Although the Narodniki did not understand Marxism and considered its teachings “Western” and, therefore, not applicable to Russia, they were influenced by it, and they borrowed some of its principles. The Narodniki were the first to distribute Russian translations of Marx and Engels. In 1871 they published The Civil War in France abroad, and in 1872, they legally published the first volume of Das Kapital in St. Petersburg. The Executive Committee of People’s Will informed Marx in 1880 that Das Kapital had become the handbook of educated people. Marx’ ideas were presented in the propaganda pamphlet Tsar—Hunger, which was written by A. N. Bakh, a member of People’s Will. In the early 1880’s The Communist Manifesto was circulated in the Russian underground.

Marxism’s struggle with Populism. From the 1880’s through the 1890’s, Populism underwent a grave ideological and organizational crisis. During this period the liberal Populist tendency was dominant, operating chiefly in the legal press and the zemstvos (local self-government). The ideological spokesmen for liberal Populism were the contributors to the newspaper Nedelia (Ia. A. Abramov, for example), who advanced the theory of “small deeds,” and V. P. Vorontsov and the publicists associated with N. K. Mikhailovskii’s journal Russkoe bogatstvo (for example, S. N. Krivenko, S. N. Iuzhakov, and N. F. Daniel’son). At a time of ideological and organizational disarray in the Populist movement, liberal Narodniki pursued an opportunistic, compromising line. They turned to the autocracy, which they viewed as a “supraclass” arbitrator, for approval of the basic propositions of Populism (allotment of land to the peasants at the expense of the pomeshchiki’s holdings and the critique of the bourgeois system, for example). This was petit bourgeois utopianism and middle-class radicalism, a serious retreat from the revolutionary traditions of Populism. As a result, “from a political program calculated to arouse the peasantry for the socialist revolution against the foundations of modern society there has emerged a program calculated to patch up, to ’improve’ the conditions of the peasantry while preserving the foundations of modern society” (Lenin, op. cit., vol. 1, p. 272).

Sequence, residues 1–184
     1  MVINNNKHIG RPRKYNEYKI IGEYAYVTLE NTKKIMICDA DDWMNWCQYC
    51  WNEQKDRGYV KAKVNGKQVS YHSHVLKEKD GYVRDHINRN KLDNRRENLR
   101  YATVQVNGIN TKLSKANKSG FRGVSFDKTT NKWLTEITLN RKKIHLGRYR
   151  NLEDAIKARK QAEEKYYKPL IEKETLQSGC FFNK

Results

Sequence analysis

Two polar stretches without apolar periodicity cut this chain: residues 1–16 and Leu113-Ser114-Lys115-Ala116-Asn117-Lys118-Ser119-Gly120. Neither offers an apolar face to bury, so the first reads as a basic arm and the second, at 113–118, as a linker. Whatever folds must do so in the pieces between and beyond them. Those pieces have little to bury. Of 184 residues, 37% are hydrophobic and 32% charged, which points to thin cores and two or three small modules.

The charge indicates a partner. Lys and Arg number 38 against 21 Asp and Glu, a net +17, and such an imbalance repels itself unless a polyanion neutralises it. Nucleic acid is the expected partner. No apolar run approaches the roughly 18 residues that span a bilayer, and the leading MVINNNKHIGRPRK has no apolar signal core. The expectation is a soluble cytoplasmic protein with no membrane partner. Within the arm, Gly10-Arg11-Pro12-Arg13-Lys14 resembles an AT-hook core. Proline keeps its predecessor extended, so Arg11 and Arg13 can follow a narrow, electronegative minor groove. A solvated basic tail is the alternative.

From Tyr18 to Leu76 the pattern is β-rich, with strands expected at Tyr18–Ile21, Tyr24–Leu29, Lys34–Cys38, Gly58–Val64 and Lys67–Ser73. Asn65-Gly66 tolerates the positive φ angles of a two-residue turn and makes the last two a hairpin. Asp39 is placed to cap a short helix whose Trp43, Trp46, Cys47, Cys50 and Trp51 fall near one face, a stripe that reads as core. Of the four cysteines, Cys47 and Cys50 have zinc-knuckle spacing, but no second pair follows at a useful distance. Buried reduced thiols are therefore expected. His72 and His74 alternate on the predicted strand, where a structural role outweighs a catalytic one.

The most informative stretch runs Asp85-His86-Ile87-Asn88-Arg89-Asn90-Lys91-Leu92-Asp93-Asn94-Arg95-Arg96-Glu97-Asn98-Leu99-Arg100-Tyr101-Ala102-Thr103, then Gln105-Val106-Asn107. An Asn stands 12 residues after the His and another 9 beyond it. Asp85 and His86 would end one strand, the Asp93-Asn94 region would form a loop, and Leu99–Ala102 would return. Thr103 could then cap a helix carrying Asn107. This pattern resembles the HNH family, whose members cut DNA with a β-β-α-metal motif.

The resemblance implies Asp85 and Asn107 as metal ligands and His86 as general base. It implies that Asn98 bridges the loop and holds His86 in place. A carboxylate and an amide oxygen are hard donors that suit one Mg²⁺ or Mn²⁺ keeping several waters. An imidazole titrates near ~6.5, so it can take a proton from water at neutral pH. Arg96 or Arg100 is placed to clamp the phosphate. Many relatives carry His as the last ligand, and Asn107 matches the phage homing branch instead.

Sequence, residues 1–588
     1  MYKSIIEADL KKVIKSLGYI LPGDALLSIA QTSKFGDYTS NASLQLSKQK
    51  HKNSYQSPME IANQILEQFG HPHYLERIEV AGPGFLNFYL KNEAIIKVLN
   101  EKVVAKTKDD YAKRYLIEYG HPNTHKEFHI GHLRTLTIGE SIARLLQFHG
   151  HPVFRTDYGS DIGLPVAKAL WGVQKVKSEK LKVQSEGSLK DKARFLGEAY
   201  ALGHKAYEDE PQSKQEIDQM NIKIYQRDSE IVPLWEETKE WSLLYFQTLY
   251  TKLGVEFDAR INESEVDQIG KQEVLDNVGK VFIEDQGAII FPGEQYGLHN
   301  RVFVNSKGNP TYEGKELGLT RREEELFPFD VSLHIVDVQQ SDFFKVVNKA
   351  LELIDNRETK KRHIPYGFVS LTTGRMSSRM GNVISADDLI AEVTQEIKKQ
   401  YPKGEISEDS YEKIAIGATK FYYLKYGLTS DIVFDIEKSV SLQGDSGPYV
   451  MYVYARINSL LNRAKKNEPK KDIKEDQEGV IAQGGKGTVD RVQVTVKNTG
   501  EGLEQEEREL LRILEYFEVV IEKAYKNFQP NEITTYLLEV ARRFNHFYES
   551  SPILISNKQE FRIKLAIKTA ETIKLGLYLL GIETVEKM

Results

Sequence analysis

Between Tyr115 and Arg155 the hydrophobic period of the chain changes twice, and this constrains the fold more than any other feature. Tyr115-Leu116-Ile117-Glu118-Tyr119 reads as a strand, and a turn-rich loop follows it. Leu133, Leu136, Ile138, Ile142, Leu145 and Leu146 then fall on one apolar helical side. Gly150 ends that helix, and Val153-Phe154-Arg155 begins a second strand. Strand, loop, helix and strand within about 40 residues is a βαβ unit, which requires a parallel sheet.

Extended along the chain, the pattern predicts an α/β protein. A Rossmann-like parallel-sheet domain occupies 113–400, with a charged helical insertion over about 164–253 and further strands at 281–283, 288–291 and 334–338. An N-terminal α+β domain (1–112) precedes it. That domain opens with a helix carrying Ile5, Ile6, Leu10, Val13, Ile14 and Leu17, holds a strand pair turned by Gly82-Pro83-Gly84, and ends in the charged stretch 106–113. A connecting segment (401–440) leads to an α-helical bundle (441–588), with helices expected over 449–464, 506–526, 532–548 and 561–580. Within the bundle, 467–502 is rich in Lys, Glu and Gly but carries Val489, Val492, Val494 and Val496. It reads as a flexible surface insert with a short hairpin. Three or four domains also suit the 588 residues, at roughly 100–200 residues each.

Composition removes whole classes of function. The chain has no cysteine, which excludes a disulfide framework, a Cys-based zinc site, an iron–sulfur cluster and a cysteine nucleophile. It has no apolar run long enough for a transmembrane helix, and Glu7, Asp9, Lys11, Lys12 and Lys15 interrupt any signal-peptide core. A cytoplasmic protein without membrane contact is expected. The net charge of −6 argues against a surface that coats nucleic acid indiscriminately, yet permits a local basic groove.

Revolutionary practice refuted the Narodniki’s theoretical constructs. Consequently, the progressive intelligentsia in Russia shifted from Populism to Marxism. Marx and Engels carefully studied the revolutionary democratic movement in Russia. Although they hailed the struggle of the revolutionary Narodniki against the tsarist regime, they criticized the petit bourgeois ideas of Russian Utopian socialism.